There are many other interesting exhibits and if you are a history/culture buff, you could easily spend a day or more to take everything in. By going to the museum on your first day you could decide if you want to put time aside later in the week for a further visits.
I wanted to fit more locations in on Day One so at mid-morning I continued on from the museum to Muharraq Island, which is north of the city and well connected to Manama by modern new bridges. I start off at old Marek Street and its stores selling all kind of spices. I cannot capture those pungent aromas on film, but the displays are absolutely photogenic with their range of colours and the way they are displayed in small jars, large containers or carefully shaped into pyramids side by side. They are so multicoloured in presentation.
The street also has many confectionery and sweet shops, and amongst the tempting delicacies is halwa, a traditional local sweet. It is something like a mixture of Turkish delight and jelly although this doesn't really describe it accurately - you must come and try it for yourself. Halwa is delicious eaten warm at the shop although it can as easily be taken away and eaten cool. It does not need to be refrigerated - it stays for a long time as I can vouch for myself having brought several weeks' worth of supplies back to England!
Just a short walk from the Muharraq souk (market) are two famous traditional houses of Bahrain, Beit Shaikh Isa bin Ali and Beit Siyadi. Beautifully restored, they both have wonderful designs with carved doors and plasterwork. Even the ceilings have been carefully restored using reed and wood which is how they were constructed long before the invention of modern ceilings.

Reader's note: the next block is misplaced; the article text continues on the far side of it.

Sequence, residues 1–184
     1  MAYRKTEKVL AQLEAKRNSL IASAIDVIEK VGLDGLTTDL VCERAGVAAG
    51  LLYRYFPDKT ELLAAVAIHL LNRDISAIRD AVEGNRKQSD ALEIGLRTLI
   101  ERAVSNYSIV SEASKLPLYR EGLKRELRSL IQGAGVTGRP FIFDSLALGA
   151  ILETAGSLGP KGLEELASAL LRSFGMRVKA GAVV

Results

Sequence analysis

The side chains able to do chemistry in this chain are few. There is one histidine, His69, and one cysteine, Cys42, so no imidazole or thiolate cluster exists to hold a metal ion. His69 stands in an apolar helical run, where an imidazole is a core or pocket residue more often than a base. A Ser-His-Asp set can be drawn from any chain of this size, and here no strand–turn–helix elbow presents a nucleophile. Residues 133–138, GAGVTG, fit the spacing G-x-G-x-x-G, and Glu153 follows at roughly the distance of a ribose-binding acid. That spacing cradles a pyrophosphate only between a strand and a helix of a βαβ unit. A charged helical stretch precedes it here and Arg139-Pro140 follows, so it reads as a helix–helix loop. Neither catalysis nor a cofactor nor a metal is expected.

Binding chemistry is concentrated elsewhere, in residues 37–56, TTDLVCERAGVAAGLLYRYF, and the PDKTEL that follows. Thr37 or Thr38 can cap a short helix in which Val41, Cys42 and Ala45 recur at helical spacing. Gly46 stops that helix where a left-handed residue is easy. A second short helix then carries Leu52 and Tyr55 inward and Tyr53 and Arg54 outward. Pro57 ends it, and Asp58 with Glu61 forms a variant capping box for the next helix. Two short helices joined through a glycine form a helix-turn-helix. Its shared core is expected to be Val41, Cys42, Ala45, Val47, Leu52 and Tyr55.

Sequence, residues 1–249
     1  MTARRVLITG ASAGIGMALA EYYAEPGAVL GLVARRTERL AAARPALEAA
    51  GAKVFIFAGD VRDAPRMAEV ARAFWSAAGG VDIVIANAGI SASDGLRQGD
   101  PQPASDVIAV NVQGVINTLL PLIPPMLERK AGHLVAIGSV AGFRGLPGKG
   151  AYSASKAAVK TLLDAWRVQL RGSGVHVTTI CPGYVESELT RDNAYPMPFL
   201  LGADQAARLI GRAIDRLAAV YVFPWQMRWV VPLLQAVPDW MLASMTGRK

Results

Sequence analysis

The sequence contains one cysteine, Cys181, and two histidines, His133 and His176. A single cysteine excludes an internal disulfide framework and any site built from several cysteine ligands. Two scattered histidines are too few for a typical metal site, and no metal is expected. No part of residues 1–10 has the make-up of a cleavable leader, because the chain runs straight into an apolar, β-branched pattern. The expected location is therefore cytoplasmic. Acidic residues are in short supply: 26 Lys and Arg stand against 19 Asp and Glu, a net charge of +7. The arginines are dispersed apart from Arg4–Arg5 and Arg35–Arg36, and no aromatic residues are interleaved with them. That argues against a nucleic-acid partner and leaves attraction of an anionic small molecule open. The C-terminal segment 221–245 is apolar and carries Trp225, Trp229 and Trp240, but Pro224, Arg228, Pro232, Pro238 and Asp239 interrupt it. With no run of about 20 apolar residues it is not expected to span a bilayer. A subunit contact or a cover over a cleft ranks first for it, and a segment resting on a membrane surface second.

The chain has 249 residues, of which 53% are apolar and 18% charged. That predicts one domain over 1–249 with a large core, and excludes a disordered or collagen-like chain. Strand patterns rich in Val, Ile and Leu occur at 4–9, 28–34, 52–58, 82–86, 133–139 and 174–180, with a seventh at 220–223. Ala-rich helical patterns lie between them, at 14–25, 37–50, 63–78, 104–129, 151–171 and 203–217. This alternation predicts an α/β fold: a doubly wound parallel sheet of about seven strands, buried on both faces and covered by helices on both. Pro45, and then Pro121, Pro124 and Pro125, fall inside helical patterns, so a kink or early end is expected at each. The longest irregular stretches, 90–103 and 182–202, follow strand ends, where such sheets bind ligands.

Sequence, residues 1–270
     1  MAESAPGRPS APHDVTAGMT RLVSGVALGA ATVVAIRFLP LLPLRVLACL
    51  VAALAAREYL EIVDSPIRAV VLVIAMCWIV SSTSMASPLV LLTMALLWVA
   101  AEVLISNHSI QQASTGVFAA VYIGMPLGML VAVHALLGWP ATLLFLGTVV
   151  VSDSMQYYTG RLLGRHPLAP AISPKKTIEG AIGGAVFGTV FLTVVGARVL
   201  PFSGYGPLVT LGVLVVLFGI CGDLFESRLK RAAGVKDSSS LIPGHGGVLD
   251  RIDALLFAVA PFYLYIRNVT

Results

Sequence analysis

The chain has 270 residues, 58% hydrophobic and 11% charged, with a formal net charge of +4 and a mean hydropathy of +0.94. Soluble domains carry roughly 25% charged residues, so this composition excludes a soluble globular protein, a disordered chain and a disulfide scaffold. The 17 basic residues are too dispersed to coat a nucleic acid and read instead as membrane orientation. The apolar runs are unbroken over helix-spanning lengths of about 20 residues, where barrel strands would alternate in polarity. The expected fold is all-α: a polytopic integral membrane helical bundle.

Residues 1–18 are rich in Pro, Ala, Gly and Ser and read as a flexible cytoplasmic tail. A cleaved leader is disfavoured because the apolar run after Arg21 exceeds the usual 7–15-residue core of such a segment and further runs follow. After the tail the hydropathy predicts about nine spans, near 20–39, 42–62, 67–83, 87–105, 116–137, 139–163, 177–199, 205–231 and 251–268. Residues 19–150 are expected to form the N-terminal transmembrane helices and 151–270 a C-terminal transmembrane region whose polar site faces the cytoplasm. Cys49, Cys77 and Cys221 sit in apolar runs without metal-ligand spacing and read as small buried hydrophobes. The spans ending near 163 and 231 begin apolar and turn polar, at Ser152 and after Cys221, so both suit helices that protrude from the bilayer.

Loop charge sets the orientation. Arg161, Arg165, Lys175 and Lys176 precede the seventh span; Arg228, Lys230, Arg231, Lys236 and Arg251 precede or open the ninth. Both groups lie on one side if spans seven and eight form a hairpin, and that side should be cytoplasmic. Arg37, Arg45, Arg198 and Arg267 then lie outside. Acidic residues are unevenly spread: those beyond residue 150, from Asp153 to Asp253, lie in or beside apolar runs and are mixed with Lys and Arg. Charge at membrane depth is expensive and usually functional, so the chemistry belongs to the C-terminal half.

Beit Shaikh Isa bin Ali features a lovely wind tower, the pre-electricity equivalent of the air-conditioner. You can actually experience how it works by sitting underneath and feeling its ability to catch even light winds and cool down the room with its unique method of circulating the air.
Time to go back to the city for lunch, and we decide on La Ventana, a small and very atmospheric Bohemian style restaurant very popular with expatriates and locals alike. It is always bustling at lunchtime - not surprising given the excellent salads, soups, rolls and sandwiches it has on its menu. Certainly a good choice for a relaxing break.
My batteries now recharged, I head for old Manama and the souk for more spices, perfumes, textiles and gold. The items on display at stores in the Gold Souk are a real eye opener. There is a massive variety to choose from and some of the window displays are quite amazing with row upon row of necklaces, earrings, bracelets and more. It's great to see it all lit up at night so we decide to come back after dinner that evening and arranged in advance to do some photography later as well.
Dinner that evening is at Krumz, with English and continental fare, after which it is back to the Gold Souk. The two-storey building has a total of 82 jewellery shops plus a cosy little cafeteria. With so many styles of jewellery to choose from, deciding which items to photograph is not easy. I have always been fascinated by the huge gold necklaces favoured by Arab women and which are much larger than those usually seen in the West. They are highly crafted with ornate patterns and embossing and make constantly interesting close up photographs.
Well, that was a good way to use Day 1! I usually find the first day's activities on any new travel venture result in requiring a good night's sleep, what with the rush to leave England, the flight out etc, so now is the time for a first night's well earned rest.